In late October, an earthquake swarm and uplift began on the Reykjanes peninsula near the town of Grindavík indicating magma collecting underground. The magma intrusion grew and filled a dike stretching beneath the town, leading authorities to issue an evacuation order on November 10 due to the risk of eruption.

A new chapter of activity

Magma inflow to the dike has likely stopped, according to a notice from the Met Office, and the chances of an eruption happening along the dike at this time have decreased. However, magma continues to accumulate just north of Grindavík, beneath Svartsengi, where a geothermal power plant and the Blue Lagoon are located. “The ongoing activity at Svartsengi, which began in October, is not yet over and a new chapter may have begun with an increased chance of a new magma propagation and, subsequently, increased likelihood of an eruption,” the Met Office notice states.

“[T]he dike beneath Grindavík was fed by magma accumulating beneath Svartsengi. It is likely that this sequence of events will repeat,” the notice continues. A new magma propagation would provide a warning in the form of earthquakes and ground deformation, which would be detected by equipment “several hours before the magma propagation is likely to pose a threat to Svartsengi or Grindavík.”

Timeline impossible to estimate

According to the Met Office, this pattern of magma accumulating beneath Svartsengi and flowing into the dike that stretches below Grindavík is likely to happen again, even repeatedly. However, it is impossible to estimate whether that will be “in the next few days or possibly after several months.”

Kristín Jónsdóttir, Head of the Volcanos, Earthquakes, and Deformation Department at the Icelandic Met Office, told RÚV it was not clear when it would be safe for Grindavík residents to return to their homes.

Chances of Eruption in Grindavík Diminishing

Svartsengi Grindavík

The most likely location of an eruption on Reykjanes is now considered to be north of Grindavík and east of Svartsengi Power Station and the Blue Lagoon, according to experts. The likelihood of an eruption has, however, diminished overall. The construction of lava barriers to protect the power station is ahead of schedule and while an evacuation order remains in effect, regulations on entering Grindavík for residents and business operators have been relaxed.

It has been a time of upheaval for the town of Grindavík (pop. 3,600), which was evacuated on November 10 amid powerful seismic activity. Earthquakes and the formation of a magma dike under the town have opened crevasses and damaged roads, homes, and infrastructure in and around Grindavík. An eruption is still considered a possibility, though the likelihood of one has diminished.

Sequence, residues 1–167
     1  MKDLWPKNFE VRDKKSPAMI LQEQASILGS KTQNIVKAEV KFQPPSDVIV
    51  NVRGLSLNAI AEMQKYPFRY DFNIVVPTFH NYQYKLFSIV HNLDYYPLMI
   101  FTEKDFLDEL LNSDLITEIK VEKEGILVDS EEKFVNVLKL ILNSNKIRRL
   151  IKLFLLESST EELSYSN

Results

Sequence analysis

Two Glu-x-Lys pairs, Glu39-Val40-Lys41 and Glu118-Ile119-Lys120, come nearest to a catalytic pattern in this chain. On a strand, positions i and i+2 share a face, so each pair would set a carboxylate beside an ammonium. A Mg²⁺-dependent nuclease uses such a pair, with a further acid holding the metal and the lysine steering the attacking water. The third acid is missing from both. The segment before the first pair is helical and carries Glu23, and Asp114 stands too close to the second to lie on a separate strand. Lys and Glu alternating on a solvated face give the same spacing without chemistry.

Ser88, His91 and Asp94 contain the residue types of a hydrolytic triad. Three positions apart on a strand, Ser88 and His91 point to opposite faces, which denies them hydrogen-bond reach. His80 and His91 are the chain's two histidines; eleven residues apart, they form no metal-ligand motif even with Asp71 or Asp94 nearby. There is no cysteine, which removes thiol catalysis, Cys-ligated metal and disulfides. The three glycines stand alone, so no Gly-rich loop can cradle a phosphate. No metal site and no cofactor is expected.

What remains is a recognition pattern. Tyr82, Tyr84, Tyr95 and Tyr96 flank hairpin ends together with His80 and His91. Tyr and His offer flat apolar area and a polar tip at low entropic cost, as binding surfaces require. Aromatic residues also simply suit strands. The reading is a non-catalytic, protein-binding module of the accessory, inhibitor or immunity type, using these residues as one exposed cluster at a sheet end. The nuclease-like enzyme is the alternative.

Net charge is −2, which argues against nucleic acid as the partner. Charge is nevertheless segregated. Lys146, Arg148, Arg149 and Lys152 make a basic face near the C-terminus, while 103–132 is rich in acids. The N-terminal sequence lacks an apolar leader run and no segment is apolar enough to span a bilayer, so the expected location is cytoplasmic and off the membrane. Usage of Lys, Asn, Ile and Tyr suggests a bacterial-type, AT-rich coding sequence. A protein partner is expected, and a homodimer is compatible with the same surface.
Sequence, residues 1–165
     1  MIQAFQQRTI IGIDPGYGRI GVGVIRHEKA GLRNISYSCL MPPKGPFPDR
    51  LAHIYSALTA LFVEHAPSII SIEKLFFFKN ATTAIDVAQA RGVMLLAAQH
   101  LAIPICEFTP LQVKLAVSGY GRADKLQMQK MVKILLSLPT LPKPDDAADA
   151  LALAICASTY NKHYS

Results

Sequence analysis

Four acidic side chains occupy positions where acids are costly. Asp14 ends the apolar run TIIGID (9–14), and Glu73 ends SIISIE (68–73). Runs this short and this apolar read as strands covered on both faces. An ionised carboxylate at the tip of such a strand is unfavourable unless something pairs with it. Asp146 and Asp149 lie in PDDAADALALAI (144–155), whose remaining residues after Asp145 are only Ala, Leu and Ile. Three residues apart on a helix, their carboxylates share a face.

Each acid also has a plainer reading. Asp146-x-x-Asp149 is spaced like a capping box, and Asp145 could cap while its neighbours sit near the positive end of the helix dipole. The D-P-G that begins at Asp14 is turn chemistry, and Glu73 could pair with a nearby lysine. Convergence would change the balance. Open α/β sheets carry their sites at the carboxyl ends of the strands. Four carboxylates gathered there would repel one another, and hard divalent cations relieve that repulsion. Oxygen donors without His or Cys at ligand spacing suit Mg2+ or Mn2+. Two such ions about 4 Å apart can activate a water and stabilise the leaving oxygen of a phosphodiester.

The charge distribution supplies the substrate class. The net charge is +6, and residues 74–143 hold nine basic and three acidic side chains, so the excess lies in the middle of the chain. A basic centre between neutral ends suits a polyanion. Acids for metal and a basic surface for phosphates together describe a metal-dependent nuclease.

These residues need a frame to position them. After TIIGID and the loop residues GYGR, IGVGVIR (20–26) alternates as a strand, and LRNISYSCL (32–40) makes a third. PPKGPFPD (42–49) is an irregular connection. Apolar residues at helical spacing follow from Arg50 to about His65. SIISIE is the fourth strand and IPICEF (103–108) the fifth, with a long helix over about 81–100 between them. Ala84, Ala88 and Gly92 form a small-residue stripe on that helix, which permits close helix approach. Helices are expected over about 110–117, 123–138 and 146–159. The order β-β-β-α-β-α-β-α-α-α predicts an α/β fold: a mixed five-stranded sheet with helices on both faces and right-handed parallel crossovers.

Grindavík eruption less likely

One of the reasons Grindavík was evacuated was that experts could not rule out an eruption in the town itself. Now, the most likely location of an eruption is considered to be between Sýlingarfell and Hagafell mountains, northeast of Grindavík and east of Svartsengi Power Station and the Blue Lagoon.

Data indicates that magma is continuing to stream into the magma dike that stretches below Grindavík and northeast from the town. However, some experts have suggested that the magma in the dike is partly solidified, though it would take months for it to solidify fully. While an eruption is still possible, it is considered to be less likely than previously believed. The likelihood of an eruption within the town limits of Grindavík is also considered less and less likely to occur.

Lava barriers ahead of schedule

The construction of lava barriers, which began around two weeks ago, is ahead of schedule, the Director of the Civil Protection and Emergency Management Department told RÚV. The barriers are to surround Svartsengi Power Plant and the neighbouring Blue Lagoon, and are expected to take 30-40 days to complete.

While an evacuation order remains in effect for Grindavík, authorities have relaxed restrictions for the town’s residents and businesses, who are permitted to enter the town in order to take care of their property and retrieve belongings. Some businesses have also begun operating once more during daytime hours. While some of the town’s water and power infrastructure sustained damage in the recent earthquakes, water and power are functional in much of the town and repairs are being conducted.